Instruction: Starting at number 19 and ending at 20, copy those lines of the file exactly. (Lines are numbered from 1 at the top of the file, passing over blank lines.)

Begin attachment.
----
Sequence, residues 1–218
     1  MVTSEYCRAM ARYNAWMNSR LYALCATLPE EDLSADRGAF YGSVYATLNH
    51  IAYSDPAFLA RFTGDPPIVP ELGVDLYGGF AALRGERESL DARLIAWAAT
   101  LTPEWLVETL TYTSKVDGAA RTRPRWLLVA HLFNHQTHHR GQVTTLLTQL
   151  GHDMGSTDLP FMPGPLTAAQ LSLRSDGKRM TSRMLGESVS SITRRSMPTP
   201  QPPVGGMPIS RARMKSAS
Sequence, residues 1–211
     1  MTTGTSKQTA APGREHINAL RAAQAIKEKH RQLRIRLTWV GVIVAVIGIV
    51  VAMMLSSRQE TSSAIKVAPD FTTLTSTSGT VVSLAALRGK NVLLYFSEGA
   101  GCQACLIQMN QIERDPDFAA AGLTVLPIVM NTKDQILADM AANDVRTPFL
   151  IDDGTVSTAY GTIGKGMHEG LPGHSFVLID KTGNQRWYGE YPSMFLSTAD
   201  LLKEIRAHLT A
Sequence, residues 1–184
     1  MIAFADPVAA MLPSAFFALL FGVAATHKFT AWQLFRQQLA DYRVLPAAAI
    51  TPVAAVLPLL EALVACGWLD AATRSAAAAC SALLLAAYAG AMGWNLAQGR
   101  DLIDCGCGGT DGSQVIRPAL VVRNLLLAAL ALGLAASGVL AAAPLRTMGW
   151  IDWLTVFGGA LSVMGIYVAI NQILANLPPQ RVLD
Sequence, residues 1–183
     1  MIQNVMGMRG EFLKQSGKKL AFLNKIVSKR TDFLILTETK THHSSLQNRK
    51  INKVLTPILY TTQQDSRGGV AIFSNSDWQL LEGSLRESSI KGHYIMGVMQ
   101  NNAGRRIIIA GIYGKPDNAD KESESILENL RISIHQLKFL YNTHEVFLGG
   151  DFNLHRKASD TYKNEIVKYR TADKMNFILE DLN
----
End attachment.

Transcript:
     1  MIQNVMGMRG EFLKQSGKKL AFLNKIVSKR TDFLILTETK THHSSLQNRK
    51  INKVLTPILY TTQQDSRGGV AIFSNSDWQL LEGSLRESSI KGHYIMGVMQ